"There's a whole bunch of measures that are harmful to the job market, youth, society as a whole, and that's why we don't want it," said Maxence Termignon, a 25 year-old unemployed qualified engineer.
      France has among the world's most stringent workers rights laws.
      [Doubtful. Let's see the data. France's workers rights laws were already flexed up in 2001. See the France section of our national and corporate models page.]
      The government and businesses want the changes to make hiring and laying off workers easier.
      The proposal technically maintains the 35-hour workweek, but allows companies to organize alternative working times without following industry-wide deals, up to a 48-hour workweek and 12 hours per day.
      The government tried to gain support from some worker unions by making a few changes in the bill on Monday. It has withdrawn measures that relaxed rules on working from home and at night and has introduced the control of a judge to ensure that multinational companies don't organize the artificial bankruptcy of their French branch in order to justify layoffs.
      Worker unions and youth organizations have called for new protests on March 24 — when the bill is presented at Cabinet — and on March 31.

    3/17/2016 – News&opinion about the timesizing alternative to downsizing, reinvented thousands of times every day in every recession by mainly mid&small-size companies, but still today an afterthought, though any economy that's still around 50 years from now will long since have made it first & foremost - ([commentary] by Phil Hyde (PH3) ecdesignr@yahoo.ca unless otherwise initialed) -

    1. Protesters across France march against planned [weakening] changes to 35-hour workweek, AP via News Elementary via newsela.com
      PARIS, France — Francois Hollande, the president of France, wants to change the law. He wants to change the 35-hour workweek. Many people in France do not like the planned changes. Thousands of people protested Wednesday.
      France has many political groups. Two big ones are Socialists and Conservatives. Hollande is a Socialist. Socialists usually like laws that help people. Many people are surprised that the Socialists [or at least Hollande] want to change the 35-hour workweek. Socialists created it.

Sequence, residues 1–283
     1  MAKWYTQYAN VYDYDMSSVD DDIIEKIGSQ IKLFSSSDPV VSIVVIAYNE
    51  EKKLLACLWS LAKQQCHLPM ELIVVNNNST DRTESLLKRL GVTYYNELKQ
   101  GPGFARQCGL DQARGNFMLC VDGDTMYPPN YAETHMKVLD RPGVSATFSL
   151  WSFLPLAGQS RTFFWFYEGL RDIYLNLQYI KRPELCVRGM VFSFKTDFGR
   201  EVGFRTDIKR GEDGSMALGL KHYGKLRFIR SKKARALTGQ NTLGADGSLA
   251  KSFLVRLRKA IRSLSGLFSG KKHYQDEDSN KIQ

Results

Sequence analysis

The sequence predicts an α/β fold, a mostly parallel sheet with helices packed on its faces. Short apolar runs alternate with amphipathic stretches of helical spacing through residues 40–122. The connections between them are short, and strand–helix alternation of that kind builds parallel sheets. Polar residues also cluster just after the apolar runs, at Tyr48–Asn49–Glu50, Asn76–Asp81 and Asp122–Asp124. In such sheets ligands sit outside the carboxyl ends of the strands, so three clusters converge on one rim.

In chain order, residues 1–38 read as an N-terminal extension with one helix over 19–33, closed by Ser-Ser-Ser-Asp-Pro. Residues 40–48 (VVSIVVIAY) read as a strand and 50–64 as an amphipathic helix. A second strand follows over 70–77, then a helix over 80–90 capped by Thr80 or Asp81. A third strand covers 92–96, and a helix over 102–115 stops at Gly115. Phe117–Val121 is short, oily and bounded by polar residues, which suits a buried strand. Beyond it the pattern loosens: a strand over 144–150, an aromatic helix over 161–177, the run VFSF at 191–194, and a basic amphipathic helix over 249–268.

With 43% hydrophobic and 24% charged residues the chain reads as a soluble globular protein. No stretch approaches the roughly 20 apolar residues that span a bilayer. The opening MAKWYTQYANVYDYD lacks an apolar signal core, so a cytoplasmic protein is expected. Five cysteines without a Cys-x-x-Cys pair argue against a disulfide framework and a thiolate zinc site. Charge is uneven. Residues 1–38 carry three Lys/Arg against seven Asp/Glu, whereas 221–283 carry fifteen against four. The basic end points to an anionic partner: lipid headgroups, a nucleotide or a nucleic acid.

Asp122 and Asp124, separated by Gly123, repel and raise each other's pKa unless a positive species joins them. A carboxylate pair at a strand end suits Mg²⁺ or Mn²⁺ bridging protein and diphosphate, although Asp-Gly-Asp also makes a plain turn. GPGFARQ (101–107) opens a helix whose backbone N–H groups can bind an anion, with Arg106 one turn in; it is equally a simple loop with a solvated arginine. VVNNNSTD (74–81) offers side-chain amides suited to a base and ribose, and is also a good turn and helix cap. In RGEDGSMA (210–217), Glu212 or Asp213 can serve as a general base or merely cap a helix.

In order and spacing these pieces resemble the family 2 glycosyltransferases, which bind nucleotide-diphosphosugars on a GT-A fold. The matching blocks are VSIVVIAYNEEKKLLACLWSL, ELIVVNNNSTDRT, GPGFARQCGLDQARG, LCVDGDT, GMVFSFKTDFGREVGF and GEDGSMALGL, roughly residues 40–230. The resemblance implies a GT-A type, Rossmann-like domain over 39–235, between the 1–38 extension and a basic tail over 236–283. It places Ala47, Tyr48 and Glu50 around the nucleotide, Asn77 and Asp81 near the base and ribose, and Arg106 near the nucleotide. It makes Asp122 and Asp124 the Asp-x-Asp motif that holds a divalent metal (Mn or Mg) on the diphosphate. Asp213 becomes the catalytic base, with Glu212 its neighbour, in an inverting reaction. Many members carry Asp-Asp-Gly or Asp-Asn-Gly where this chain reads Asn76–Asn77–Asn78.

Nicolas Sarkozy was the president before Francois Hollande. Nicolas Sarkozy was a Conservative. He wanted to change the 35-hour workweek, but he never did. Conservatives usually want to protect property and business. They like the old way of doing things.
      Changes Aimed At Getting Jobs For More Workers
      [Ha! absolutely backwards! The changes are aimed at a greater surplus of workers and thereby harnessing market forces to lower wages and benefits (and what shortsighted employers don't connect: consumer spending and marketable productivity and solid investment).]
      On Wednesday, all kinds of people came together. They protested the law change. The protesters do not want the law to pass. They talked to unions. A union is a group of people who do the same kind of work. Together, they try to get things like better pay and better hours.
      The new law would change France's 35-hour workweek. Socialists passed the 35-hour law 16 years ago. They wanted to help more French people get jobs. Today's Socialist government still wants to help the French get jobs. They think changing the old law could help.
      The new bill would allow a 35-hour workweek. Workers might have to work at different times, though. They could work up to 48 hours a week. They could also work up to 12 hours a day. Sometimes, they could work up to 60 hours a week.
      More Work Without More Pay
      Some of the new rules could mean extra work without higher pay. Workers would get more days off later instead. It could be easier to work from home or at night. It would be easier for companies to fire people.
      Manuel Valls is a government leader. He said the planned bill will not go away. The government is talking to unions, though, he said.
      Martine Aubry was a Socialist leader. She helped create the 35-hour workweek. Martine said the new law would weaken France.
      Many protesters agreed with her.

    2. Fulton County District Attorney and Public Defender Say Budget Cuts Force Furloughs, by Greg Land, DailyReportOnline.com
      FULTON COUNTY, Ga., USA - Fulton County prosecutors and public defenders are missing work days so that their agencies can absorb budget cuts and funding redirections ordered by the county commission.
      [Better to miss workdays than to miss jobs, better Timesizing than downsizing!]
      The furloughs follow a recent warning from the chief judge of the Superior Court that its Pretrial Services program might be eliminated as a result of budget cuts and a 2.5 percent redirection of funds to the county's Justice Reinvestment initiative.
      The goal of the Justice Reinvestment program is to reduce the population at the Fulton County Jail, speed up case dispositions and reduce administrative costs.
      But District Attorney Paul Howard and Public Defender Vernon Pitts said their agencies' operations have been significantly hampered, with Pitts saying his 92-lawyer office was "staggering."
      On Monday, the Southern Center for Human Rights—which filed a class action that resulted in the jail being placed under federal oversight for nearly a decade—also weighed in, urging county budget writers to ensure that Pretrial Services' funding remains intact.
      Commission Chairman John Eaves, who last month assured Chief Judge Gail Tusan and court administration that the funding for Pretrial Services will be provided, reiterated this week that the money will be available. Eaves also said the Justice Reinvestment initiative, under which all of the county's justice-related agencies have seen 2.5 percent of their annual budgets reallocated, will result in efficiencies and savings throughout the system.